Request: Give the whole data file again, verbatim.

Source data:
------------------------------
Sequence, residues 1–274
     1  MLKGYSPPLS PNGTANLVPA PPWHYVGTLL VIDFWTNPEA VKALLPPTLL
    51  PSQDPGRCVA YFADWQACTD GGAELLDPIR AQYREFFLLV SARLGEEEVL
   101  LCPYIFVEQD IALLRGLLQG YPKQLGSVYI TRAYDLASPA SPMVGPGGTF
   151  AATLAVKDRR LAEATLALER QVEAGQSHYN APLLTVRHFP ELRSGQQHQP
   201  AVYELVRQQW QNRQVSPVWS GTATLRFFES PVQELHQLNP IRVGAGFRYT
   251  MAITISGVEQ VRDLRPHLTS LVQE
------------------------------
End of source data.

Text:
Sequence, residues 1–274
     1  MLKGYSPPLS PNGTANLVPA PPWHYVGTLL VIDFWTNPEA VKALLPPTLL
    51  PSQDPGRCVA YFADWQACTD GGAELLDPIR AQYREFFLLV SARLGEEEVL
   101  LCPYIFVEQD IALLRGLLQG YPKQLGSVYI TRAYDLASPA SPMVGPGGTF
   151  AATLAVKDRR LAEATLALER QVEAGQSHYN APLLTVRHFP ELRSGQQHQP
   201  AVYELVRQQW QNRQVSPVWS GTATLRFFES PVQELHQLNP IRVGAGFRYT
   251  MAITISGVEQ VRDLRPHLTS LVQE